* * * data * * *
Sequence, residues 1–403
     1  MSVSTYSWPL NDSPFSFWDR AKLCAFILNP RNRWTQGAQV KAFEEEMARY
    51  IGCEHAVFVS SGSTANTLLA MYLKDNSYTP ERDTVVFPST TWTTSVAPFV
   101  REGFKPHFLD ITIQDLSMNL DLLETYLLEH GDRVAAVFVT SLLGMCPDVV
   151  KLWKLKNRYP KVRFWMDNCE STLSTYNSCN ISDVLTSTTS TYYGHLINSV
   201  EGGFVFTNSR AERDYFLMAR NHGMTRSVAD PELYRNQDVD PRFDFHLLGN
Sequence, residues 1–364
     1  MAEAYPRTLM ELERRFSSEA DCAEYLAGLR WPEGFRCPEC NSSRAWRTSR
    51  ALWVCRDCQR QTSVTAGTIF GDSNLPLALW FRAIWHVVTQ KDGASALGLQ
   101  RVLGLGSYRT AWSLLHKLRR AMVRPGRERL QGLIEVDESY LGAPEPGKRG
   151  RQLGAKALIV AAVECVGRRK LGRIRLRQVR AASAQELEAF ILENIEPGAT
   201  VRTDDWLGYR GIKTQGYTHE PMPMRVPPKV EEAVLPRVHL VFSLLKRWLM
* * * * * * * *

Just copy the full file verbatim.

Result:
Sequence, residues 1–403
     1  MSVSTYSWPL NDSPFSFWDR AKLCAFILNP RNRWTQGAQV KAFEEEMARY
    51  IGCEHAVFVS SGSTANTLLA MYLKDNSYTP ERDTVVFPST TWTTSVAPFV
   101  REGFKPHFLD ITIQDLSMNL DLLETYLLEH GDRVAAVFVT SLLGMCPDVV
   151  KLWKLKNRYP KVRFWMDNCE STLSTYNSCN ISDVLTSTTS TYYGHLINSV
   201  EGGFVFTNSR AERDYFLMAR NHGMTRSVAD PELYRNQDVD PRFDFHLLGN
Sequence, residues 1–364
     1  MAEAYPRTLM ELERRFSSEA DCAEYLAGLR WPEGFRCPEC NSSRAWRTSR
    51  ALWVCRDCQR QTSVTAGTIF GDSNLPLALW FRAIWHVVTQ KDGASALGLQ
   101  RVLGLGSYRT AWSLLHKLRR AMVRPGRERL QGLIEVDESY LGAPEPGKRG
   151  RQLGAKALIV AAVECVGRRK LGRIRLRQVR AASAQELEAF ILENIEPGAT
   201  VRTDDWLGYR GIKTQGYTHE PMPMRVPPKV EEAVLPRVHL VFSLLKRWLM